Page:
Cyber Monday is a day when we potentially end up spending a lot of money on gifts for friends and family. This Cyber Monday, Quicken Loans wants to put money back in your pocket if you’re in the market for a mortgage. It may be the season of giving, but today you can give a gift to yourself.

Today only, if you lock your rate on a refinance through Rocket Mortgage® by Quicken Loans, you get an extra 0.5 point off your closing costs. We’ll go over exactly what points are and the role they play in your mortgage transaction below. For right now, let’s start with an example:

On a $200,000 loan, you would be saving $1,000 on closing costs while getting the same interest rate with the 0.5 point savings. That’s money back in your pocket.

I know what you’re thinking. What’s a point? Let’s go over what points are and what they mean for your mortgage transaction.

The Value of a Point

Also known as a prepaid interest point or mortgage discount point, points are something you use to buy down your interest rate. For example, your interest rate could hypothetically be 4.25% and you could get it down to 4.125% by paying 0.5 point.

One point is equal to 1% of the loan amount. You pay for these points by bringing money to the closing table. You can purchase points in increments on the way down to 0.125 points.

Today only, you get the 0.5 point rate without bringing any extra money to the transaction. Some people may find that it makes sense to buy down their interest rate further. In order to figure out whether this makes sense for you, let’s do a little point math.

Pointers on Point Math

In order to determine whether purchasing more mortgage discount points to buy down interest rates makes sense for you, you need to determine how much it costs to buy the points and compare it to how much you would be saving on your monthly payment. After that, you need to make an educated guess on how long you’ll be in the house.

There’s a lot going on there, but it’s not too difficult to figure out. Let’s run through an example. These rates are completely made up, but they’ll help you get an idea of how to do the calculation.

On a $200,000 home, let’s say the zero point rate was 4.25%. By prepaying for two points with interest upfront in our scenario, you might get down to 3.875% on a 30-year loan.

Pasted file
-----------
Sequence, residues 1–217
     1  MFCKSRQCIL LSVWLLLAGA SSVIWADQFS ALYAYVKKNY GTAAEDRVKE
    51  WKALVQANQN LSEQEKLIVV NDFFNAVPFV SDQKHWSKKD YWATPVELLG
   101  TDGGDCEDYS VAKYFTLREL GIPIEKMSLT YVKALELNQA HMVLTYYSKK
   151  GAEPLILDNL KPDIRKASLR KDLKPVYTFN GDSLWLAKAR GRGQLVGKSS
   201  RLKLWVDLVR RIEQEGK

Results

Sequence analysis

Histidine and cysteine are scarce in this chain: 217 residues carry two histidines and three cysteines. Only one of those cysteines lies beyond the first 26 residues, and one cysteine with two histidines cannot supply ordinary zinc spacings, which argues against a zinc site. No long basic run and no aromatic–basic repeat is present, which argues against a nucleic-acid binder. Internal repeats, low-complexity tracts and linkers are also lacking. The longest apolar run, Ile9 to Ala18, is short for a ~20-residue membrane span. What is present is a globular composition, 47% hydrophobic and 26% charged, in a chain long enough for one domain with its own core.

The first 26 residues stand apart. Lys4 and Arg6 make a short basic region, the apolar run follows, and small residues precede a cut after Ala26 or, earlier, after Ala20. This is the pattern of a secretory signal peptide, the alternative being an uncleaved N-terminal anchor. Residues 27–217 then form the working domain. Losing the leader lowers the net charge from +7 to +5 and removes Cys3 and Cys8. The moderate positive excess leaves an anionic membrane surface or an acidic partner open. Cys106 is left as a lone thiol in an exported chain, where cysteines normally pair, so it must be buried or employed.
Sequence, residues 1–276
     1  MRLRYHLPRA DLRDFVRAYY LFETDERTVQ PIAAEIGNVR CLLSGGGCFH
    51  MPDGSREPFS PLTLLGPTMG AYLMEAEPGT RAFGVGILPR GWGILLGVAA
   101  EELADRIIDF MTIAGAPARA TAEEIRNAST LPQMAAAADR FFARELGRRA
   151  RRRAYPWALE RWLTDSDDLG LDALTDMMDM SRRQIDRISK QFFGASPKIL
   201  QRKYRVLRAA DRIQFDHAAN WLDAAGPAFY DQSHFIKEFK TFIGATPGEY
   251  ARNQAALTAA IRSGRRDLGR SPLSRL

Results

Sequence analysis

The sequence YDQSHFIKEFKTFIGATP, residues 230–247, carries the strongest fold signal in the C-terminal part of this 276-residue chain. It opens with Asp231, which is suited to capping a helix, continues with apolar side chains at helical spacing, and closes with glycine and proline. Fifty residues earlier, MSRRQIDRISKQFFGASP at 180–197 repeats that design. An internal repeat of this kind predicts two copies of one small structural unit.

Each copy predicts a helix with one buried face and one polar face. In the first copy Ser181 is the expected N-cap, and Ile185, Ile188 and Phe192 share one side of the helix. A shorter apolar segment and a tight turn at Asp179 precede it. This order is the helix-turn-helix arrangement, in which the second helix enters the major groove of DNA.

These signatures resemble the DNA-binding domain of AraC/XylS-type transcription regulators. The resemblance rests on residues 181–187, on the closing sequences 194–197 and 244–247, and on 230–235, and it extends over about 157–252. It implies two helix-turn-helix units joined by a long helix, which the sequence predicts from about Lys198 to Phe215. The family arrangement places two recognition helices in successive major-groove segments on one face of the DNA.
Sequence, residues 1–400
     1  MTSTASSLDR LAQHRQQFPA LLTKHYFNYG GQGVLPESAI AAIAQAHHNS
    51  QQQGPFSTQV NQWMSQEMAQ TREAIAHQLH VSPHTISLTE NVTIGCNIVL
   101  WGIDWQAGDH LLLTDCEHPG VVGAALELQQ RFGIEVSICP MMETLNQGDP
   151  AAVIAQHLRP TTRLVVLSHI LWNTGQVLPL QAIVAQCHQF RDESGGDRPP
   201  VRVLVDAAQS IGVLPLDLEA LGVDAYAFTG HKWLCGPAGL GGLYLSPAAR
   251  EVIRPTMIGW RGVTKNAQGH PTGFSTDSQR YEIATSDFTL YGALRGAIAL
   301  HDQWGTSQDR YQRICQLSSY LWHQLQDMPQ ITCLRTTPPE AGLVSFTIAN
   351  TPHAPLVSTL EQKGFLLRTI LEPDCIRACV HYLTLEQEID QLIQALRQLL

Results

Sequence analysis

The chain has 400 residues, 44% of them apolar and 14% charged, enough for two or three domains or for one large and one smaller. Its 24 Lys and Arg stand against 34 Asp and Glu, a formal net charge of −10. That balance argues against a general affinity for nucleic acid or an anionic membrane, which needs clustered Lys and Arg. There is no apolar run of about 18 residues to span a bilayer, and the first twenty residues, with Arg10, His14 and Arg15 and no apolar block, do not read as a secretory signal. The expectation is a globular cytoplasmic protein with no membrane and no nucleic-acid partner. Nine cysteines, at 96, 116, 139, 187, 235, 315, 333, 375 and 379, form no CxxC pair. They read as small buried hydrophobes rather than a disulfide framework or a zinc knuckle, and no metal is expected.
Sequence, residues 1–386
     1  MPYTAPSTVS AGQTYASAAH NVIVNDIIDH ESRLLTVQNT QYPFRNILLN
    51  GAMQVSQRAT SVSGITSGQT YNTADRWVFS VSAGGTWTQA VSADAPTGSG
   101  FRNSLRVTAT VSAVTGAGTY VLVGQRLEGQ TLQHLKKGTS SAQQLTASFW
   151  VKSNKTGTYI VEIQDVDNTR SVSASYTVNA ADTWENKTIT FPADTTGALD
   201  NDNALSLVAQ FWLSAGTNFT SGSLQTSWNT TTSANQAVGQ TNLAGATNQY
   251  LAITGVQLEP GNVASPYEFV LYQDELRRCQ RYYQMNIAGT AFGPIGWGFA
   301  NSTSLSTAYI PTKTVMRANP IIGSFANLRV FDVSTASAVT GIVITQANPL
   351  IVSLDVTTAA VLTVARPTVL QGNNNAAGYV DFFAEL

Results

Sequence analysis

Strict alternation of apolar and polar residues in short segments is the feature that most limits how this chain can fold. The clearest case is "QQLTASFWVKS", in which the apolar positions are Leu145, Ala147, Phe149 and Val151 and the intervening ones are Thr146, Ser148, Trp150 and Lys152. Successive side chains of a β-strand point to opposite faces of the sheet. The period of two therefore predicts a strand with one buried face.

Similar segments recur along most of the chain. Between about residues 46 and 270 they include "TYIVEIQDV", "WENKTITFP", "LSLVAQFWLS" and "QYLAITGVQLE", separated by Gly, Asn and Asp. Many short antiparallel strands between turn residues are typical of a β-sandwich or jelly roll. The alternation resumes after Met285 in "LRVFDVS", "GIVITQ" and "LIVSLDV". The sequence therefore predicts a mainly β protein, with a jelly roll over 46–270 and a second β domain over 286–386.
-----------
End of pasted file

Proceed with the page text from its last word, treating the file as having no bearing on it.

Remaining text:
To figure out the monthly payment difference, I’ve used our amortization calculator. Payments may vary slightly depending on state regulations. In Michigan, a homeowner can save about $43.41 every month on their mortgage payment by paying for the two-point rate.

Two points on a $200,000 house ordinarily costs $4,000 at closing. With today’s 0.5 point pricing special, the cost of two points is $3,000. Now that we know how much the points will cost and the monthly savings on payments, we can determine the breakeven point.

You do this by taking the cost of your points and dividing by your monthly savings ($3,000/$43.41). You breakeven and start saving money on the deal if you’re going to be in the house beyond 5 years, 10 months. If you have the extra money after your down payment and you plan on staying in your house beyond that point, paying two points to buy down your rate would absolutely be a good option.

Other Ways to Use Your Savings

For some people, it may not make sense to buy down their interest rate further when they have other things they can use the money on. You might choose to put money away for a rainy day or take the $1,000 that would have otherwise been spent on closing costs and put it in your child’s college fund.

If you’re refinancing your home, it may be to get funds to replace furniture and appliances to put inside it. Using the $200,000 loan amount we’ve been discussing throughout this post, we decided to look at the things you could get in your home by saving 0.5 point ($1,000).

Cut Closing Costs by Locking Your Rate on Cyber Monday - Quicken Loans Zing Blog

If you’re in the market to refinance, today just might be the day to move forward. The 0.5 point pricing incentive is good today only. If you’re ready to take the leap and save some money on your refinance, you can go ahead and get started with Rocket Mortgage® by Quicken Loans today.